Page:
Like a netbook, only not. The latest thing to drop into our “crazy rumor” inbox is the Windows 7 tablet conceptualized above. Blogeee have it on the authority of two separate sources that Samsung is planning a 10-inch slate device dubbed Gloria, which would run Windows 7 and have a slide-out keyboard. What you see above is only a mockup of how this Gloria might appear — if she ever does appear at all — though we’re told it’ll include a Samsung software overlay to make Windows 7 that little bit more touch-friendly. We’ve yet to find any other corroboration for this beyond Blogeee‘s sources, so treat it as the unconfirmed bit of salacious info that it is, but if you must feel hopeful about the future, March and April are the months mentioned for a potential release.
If you thought the Inspiron Duo would be the only netvertible to have a slick spinning screen, think again — with less than three months since Dell’s design debuted and ten days till it ships, that trap-door design’s been copied by the gadget giants of Shenzhen. This time around, it’s not an obvious KIRF, but it’s also not a terribly powerful little PC — where Dell at least attempted to push the envelope with a dual-core Atom N550 processor, 2GB of RAM and a Broadcom Crystal HD chip, here we’re looking at a bargain-basement netbook with all the usual suspects (Atom N450, 1GB RAM, 120GB HDD, Intel GMA 3150) and what looks like a tiny optical trackpad. At least it’s got a capacitive screen! No word on when or how much you can expect to pay if flipping bezels are your thing.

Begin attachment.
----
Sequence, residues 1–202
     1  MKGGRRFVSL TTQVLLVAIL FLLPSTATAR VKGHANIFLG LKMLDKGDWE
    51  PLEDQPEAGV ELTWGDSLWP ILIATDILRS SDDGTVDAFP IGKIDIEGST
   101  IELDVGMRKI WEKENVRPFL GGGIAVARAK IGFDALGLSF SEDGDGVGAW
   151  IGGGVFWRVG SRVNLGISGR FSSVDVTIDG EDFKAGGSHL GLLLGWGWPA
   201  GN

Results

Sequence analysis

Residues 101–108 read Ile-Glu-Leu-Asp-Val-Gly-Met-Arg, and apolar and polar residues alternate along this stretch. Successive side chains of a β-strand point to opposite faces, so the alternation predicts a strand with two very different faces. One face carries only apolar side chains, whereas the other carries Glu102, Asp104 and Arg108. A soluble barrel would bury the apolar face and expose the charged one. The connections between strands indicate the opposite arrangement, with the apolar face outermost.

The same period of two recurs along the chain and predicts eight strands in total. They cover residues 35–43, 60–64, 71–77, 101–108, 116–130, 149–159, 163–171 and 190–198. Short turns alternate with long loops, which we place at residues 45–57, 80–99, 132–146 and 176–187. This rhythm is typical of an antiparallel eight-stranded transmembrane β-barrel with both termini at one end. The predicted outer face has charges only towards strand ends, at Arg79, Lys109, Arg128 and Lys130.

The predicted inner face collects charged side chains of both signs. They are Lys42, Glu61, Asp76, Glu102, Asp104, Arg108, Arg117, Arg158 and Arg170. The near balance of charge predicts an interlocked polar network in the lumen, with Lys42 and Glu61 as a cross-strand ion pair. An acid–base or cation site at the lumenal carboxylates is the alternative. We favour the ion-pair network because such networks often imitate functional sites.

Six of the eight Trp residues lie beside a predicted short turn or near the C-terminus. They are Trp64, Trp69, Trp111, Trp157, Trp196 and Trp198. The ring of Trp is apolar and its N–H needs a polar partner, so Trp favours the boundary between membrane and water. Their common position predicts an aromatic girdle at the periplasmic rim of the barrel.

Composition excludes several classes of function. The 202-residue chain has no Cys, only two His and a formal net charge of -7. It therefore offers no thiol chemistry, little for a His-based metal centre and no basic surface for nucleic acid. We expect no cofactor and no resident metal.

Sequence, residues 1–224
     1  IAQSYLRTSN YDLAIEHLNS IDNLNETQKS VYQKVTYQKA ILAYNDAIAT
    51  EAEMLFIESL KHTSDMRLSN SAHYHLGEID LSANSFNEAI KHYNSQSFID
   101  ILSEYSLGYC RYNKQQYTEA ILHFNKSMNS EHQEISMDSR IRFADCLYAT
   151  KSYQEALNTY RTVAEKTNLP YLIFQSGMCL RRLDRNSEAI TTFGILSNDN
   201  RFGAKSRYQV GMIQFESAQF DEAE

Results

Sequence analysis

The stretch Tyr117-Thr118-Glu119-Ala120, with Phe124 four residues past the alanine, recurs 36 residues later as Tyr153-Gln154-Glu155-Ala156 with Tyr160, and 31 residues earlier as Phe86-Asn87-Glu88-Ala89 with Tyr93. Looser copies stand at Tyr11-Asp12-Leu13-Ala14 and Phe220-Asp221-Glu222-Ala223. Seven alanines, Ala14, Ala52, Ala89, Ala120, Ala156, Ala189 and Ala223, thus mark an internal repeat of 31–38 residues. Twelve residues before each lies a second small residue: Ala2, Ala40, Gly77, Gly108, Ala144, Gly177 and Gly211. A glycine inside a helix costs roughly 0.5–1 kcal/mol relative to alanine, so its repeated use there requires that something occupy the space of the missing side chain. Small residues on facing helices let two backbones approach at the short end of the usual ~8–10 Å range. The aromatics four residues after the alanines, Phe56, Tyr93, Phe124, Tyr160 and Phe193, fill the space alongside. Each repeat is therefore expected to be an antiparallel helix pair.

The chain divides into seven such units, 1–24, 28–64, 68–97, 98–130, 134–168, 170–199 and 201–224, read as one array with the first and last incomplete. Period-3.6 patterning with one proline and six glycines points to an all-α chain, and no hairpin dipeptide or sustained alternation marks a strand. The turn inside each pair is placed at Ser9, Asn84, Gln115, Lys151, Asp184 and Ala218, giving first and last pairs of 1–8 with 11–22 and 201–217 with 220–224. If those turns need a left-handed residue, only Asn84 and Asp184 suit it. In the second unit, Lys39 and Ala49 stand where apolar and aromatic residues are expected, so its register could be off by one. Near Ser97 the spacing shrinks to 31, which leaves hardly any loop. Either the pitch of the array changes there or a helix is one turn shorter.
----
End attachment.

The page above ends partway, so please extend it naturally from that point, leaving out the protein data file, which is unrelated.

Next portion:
Our friends over at Laptop Mag have spent some time with Dell’s new convertible systems the Inspiron Duo. The Duo comes with a premium 320GB 7,200 rpm drive as well as a dual-core 1.5-GHz Intel Atom N550 CPU, 2GB of RAM, and Windows 7 home premium. That it also comes with a 1366 x 768 screen, and it’s a huge step up from low-end netbooks.
This netvertible is different then every other convertible netbook on the market since you spin the screen around that then rotate the whole lid left or right. So the screen screen not the lid is rotatable. This is an interesting design concept since it allows the device to use the firm hinges of a regular notebook. The biggest down side to this innovation is that the bezel is incredibly thick not only does it have a rubberized lid around the screen, but also some black padding on the screen itself. This form factor has always had one draw back and its the hinge however the rotating mechanism seems incredibly sturdy. No matter how many times they flipped it, the lid quickly slapped firmly into place. Read more